One question I hear occasionally from visitors in the Artifact Lab is “are you making mummies?”. I always think that this is a funny question – there is one thing that we have plenty of at the museum, and that is objects in our collection. There is no need for us to make our own…or is there?

What's going on here? What could these possibly be for?

What’s going on here? What could these possibly be for?

We do sometimes make mock-ups of artifacts, for testing purposes or for exhibit or educational use, and I wrote a bit about this in my very first blog post on the Penn Museum blog, way back in September.

And now I can no longer say that the museum is not making mummies. While we may not be making mummies in the Artifact Lab, we do have someone on staff who has been known to make a mummy, or two, in his career. This someone is Ben Neiditz. And rather than saying much more about this, I thought I’d ask him a few questions, and post our Q&A on the blog. So read on to learn more about Ben’s fascinating, and super creative, work.

Real mummy or fake? You decide!

Real mummy or fake? You decide!

Hi Ben. Can you tell us a bit more about yourself and what do you do at the museum?

I am a sculptor, designer, and builder and I work in the Exhibits department designing and building a range of different exhibit elements including casework, interactives, furniture, and artifact replicas.

How did you get into making artifact replicas?

Well, I studied sculpture and I am still making artwork outside of the museum, but my first replica for the museum was for the Secrets of the Silk Road exhibit. We were prevented at the last minute from displaying the two mummies that were the centerpiece of the show and so I created two replicas. As luck would have it, I had been making desiccated corpses as part of my own sculptural practice and so I was well prepared to make replica mummies in the required time frame (very fast!). Most recently I made a set of replica codices for the exhibit Maya 2012: Lords of Time and I have just finished making another replica mummy – including a set of desiccated organs – that will be used in educational workshops about Egyptian mummification.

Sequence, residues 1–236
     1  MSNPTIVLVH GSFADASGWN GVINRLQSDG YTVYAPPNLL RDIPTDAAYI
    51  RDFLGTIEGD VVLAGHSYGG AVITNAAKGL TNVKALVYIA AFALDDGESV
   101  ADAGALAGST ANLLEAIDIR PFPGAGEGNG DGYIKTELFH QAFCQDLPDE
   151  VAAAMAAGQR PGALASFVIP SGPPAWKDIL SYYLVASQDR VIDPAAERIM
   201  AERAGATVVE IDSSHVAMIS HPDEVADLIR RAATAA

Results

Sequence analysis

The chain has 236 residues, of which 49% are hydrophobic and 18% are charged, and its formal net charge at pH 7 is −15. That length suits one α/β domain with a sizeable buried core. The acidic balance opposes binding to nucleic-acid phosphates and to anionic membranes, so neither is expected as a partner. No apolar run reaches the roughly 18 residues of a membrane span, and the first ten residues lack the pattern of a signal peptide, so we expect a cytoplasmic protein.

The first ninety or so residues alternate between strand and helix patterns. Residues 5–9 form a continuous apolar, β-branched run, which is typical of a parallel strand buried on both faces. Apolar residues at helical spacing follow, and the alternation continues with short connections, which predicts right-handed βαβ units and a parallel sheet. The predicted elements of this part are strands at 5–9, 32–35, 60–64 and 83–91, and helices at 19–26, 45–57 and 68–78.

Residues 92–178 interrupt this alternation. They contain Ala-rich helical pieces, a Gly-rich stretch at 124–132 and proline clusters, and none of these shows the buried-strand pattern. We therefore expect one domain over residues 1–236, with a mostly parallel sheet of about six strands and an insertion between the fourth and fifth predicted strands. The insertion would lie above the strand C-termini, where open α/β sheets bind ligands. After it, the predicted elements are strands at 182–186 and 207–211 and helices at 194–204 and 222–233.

Tell us more about this recent mummy project! How did you make the mummy and what materials did you use?

I started by casting a skull: I covered it in paper mache, let it dry and then cut off the paper shell and reattached the parts.

The "skeleton" of Ben's mummy

The “skeleton” of Ben’s mummy

I used skeletal and anatomical diagrams, photos of real mummies and my own body as reference for scale, proportion and texture. For the body, I started with a wood armature that I then “fleshed out” with paper and cardboard.

The body of the mummy taking shape

The body of the mummy taking shape

I coated the whole thing in paper mache and then I painted and textured the exterior with celluclay, dirt and wood glue to get the desired skin texture.

The "skin" in process of being applied (left) and a detail of the evisceration on the mummy's left side (right)

The “skin” in process of being applied (left) and a detail of the evisceration (right)

Do you have anything else interesting to share? What was the most interesting thing you learned from this?

I went to check out the mummification workshop in which the aforementioned mummy is used. This particular iteration of the workshop was being presented to a group of 6th graders and it was great! The kids get to poke brains made from jello and learn all about the system of religious beliefs that surrounds Egyptian mummification. I learned that in order to be admitted to the afterlife, your heart is put on a scale balanced against a feather. If your heart is too heavy, indicating a life lived wrongly, it is devoured by a crocodile-lion-hippopotamus and you are denied entry into the underworld.

Real mummy or fake? You decide!

The final product-the complete mummy with all of his organs and a scarab amulet placed on his chest.

Thanks Ben! What a cool project. The mummy looks great, and as Ben mentioned, is already being put to use for workshops here at the museum. The mummy has been dubbed “Mr. Ulysses Penn” (or Mr. U Penn). He will be featured in the next “Mummy Makers” workshop, which will take place on June 5th.